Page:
· 47 The Red Sea.] It is necessary to be observed, that not only the Arabian Gulph was known by this name, but also the Per. sian Gulph and the Southern Ocean, that is to say, that vast tract of sea which lies between the two gulphs.-Larcher.

What Herodotus calls the Erythrean Sea, he carefully diftinguishes from the Arabian Gulph. . Both Herodotus and Agathemenus industriously distinguish the Erythrean Sea from the Arabian Gulph, though the latter was certainly so called, and had the name of Erythrean. The Parthic empire, which included Persis, is by Pliny said to be bounded to the south by the Mare Rubrum, which was the boundary also of the Persians : by Mare Rubrum he here means the great southern sea.--Bryant. 48. Darius introduced.]-See book the second, chap. 158.

Thc The whole of this region is occupied by three nations only. Such is the division of Asia from Persia westward.

XL. To the east beyond Persia, Media, the Sapinians and Colchians, the country is bounded by the Red Sea ; to the north by the Caspian and the river Araxes, which directs its course towards the east. As far as India, Asia is well inhabited ; but from India eastward the whole country is one vaft defert, unknown and unexplored.

XLI. The second tract comprehends Libya; which begins where Ægypt ends. About Ægypt the country is very narrow. One hundred thousand orgyiæ, or one thousand ftadia, comprehend the space between this and the Red Sea 49. Here the country expands, and takes the name of Libya.

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XLII. I am much surprized at those who have divided and defined the limits of Libya, Asia, and Europe, betwixt which the difference is far from Tmall. Europe, for instance, in length much ex. ceeds the other two, but is of far inferior breadth; }

49 This and the Red Sea.]Here we must neceffarily under, stand the isthmus between the Mediterranean and the Arabian Gulph or Red Sea. Heredotus says, book i. chap. 158, that the shortest way betwixt one sea and the other was one thousand {tadia,' Agrippa fays, on the authority of Pliny, that from Pe. lufium to Arsinöe on the Red Sea was one hundred and twentyfive miles, which comes to the same thing, that author always reckoning eight stadia to a mile-Larcher,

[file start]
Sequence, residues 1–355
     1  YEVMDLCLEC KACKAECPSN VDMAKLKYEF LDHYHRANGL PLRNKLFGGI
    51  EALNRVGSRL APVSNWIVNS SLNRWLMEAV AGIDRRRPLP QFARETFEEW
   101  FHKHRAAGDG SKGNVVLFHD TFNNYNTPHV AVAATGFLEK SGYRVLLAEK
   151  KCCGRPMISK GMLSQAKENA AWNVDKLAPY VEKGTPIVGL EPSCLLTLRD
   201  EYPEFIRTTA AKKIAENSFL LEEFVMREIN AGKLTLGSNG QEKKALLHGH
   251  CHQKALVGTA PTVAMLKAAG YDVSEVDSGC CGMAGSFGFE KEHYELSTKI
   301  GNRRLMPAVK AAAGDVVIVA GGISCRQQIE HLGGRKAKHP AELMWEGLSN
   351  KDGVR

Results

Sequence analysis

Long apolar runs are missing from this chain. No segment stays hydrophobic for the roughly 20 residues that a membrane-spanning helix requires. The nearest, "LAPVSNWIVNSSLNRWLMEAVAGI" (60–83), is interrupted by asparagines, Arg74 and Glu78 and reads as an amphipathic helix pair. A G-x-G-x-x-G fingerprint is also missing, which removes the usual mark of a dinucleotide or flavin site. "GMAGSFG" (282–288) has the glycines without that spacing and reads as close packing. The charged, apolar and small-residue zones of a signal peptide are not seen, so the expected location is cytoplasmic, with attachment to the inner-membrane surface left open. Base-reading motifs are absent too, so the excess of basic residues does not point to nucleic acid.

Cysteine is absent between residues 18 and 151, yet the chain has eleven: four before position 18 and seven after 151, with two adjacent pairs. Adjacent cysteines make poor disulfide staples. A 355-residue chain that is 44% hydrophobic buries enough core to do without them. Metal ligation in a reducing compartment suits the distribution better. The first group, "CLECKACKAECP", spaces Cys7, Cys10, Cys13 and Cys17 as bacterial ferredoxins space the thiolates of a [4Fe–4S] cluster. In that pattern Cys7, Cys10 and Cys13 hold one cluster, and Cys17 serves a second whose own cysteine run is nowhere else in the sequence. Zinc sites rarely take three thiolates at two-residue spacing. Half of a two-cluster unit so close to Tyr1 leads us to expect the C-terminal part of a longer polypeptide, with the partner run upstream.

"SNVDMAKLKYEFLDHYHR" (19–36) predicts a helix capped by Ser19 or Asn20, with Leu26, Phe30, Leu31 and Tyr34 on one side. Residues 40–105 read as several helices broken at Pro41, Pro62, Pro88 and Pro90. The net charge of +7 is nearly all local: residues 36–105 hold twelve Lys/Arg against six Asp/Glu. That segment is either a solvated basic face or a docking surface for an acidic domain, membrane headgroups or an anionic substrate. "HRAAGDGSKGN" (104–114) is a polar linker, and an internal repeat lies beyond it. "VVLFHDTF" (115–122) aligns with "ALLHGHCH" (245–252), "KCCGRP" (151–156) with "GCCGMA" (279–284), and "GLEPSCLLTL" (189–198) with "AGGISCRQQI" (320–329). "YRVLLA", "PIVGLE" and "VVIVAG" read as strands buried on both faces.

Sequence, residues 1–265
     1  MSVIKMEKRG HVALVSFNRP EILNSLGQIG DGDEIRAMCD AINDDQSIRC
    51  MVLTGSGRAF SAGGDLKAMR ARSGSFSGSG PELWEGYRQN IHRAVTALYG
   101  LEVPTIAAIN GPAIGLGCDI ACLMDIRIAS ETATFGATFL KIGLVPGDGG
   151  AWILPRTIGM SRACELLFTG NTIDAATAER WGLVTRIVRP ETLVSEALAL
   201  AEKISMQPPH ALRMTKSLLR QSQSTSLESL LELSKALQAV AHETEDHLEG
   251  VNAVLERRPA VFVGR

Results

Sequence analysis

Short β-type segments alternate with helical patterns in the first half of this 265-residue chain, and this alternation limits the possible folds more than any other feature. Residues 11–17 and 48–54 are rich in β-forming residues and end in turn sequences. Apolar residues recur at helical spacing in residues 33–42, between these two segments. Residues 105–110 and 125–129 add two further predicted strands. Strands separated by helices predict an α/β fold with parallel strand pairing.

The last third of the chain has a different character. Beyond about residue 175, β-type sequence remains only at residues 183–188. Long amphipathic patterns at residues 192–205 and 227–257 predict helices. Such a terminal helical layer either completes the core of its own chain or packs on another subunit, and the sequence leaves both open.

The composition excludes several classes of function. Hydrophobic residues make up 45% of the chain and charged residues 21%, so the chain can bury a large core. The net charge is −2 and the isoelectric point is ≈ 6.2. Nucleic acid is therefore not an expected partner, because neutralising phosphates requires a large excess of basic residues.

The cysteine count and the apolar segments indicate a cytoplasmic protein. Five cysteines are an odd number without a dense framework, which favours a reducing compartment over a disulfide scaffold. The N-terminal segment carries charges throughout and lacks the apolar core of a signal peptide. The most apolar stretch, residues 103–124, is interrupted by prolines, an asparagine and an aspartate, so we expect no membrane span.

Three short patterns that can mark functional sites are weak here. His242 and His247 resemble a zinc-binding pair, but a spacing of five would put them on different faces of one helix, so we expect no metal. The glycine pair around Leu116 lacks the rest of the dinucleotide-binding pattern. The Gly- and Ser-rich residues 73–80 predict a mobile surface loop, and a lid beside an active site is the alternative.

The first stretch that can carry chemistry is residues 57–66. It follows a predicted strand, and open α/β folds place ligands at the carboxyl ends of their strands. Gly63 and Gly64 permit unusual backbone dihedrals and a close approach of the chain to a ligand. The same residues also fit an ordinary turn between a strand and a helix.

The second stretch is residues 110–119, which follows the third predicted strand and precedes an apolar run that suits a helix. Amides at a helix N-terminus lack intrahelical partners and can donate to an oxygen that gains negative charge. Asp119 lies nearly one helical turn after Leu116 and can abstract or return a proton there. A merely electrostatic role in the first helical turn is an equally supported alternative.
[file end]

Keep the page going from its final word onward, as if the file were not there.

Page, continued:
except in that particular part which is contiguous to Alia, the whole of Africa is surrounded by the sea. The first person who has proved this, was, as far as we are able to judge, Necho king of Ægypt. When he had desisted from his attempt to join by a canal the Nile with the Arabian Gulph, he difpatched some vessels, under the conduct of Phoenicians, with directions to pass by the columns of Hercules, and after penetrating the Northern Ocean to return to Ægypt. These Phænicians, taking their course from the Red Sea, entered into the Southern Ocean : on the approach of autumn they landed in Libya, and planted some corn in the place where they happened to find themselves; when this was tipe, and they had cut it down, they again

50 Dispatched fame vejels. 1-This Necho is the same who in fcripture is called Pharaoh Necho. He made an attempt to join the Nile and the Red Sea, by drawing a canal from the one to the ather; but after he had consumed an hundred and twenty thonfarid men'in' the work, he was forced to defiit from it. But he had better success in another undertaking, for having got: ten some of the experteit Phænician sailors into his service, he fent tlxem out by the Red Sea, through the firaits of Babelman, del, to discover the coasts of Africa, who having failed round it cáme home the third year through the straits of Gibraltar' and the Mediterranean Sea, which was a very extraordinary voyage to be made in those days, when the use of the loadstone was not known. This voyage was performed about two thousand one hundred years before Vasquez de Gama, a Portugueze, by discovering the Cape of Good Hope. in 1497, found out the same way from hence to the Indies by which these Phænicians came from thence. Since that it hath been made the common paf. sage thither from all these western parts of the world.---Prie deaux,